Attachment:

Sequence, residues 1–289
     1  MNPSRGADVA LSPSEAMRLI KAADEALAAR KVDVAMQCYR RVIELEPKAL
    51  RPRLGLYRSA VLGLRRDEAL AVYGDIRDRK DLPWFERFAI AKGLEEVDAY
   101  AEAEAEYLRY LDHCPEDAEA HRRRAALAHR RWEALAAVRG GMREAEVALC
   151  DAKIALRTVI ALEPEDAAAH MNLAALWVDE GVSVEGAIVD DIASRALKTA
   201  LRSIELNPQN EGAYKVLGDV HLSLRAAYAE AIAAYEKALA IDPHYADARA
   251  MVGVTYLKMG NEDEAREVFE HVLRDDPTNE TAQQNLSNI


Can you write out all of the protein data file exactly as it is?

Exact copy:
Sequence, residues 1–289
     1  MNPSRGADVA LSPSEAMRLI KAADEALAAR KVDVAMQCYR RVIELEPKAL
    51  RPRLGLYRSA VLGLRRDEAL AVYGDIRDRK DLPWFERFAI AKGLEEVDAY
   101  AEAEAEYLRY LDHCPEDAEA HRRRAALAHR RWEALAAVRG GMREAEVALC
   151  DAKIALRTVI ALEPEDAAAH MNLAALWVDE GVSVEGAIVD DIASRALKTA
   201  LRSIELNPQN EGAYKVLGDV HLSLRAAYAE AIAAYEKALA IDPHYADARA
   251  MVGVTYLKMG NEDEAREVFE HVLRDDPTNE TAQQNLSNI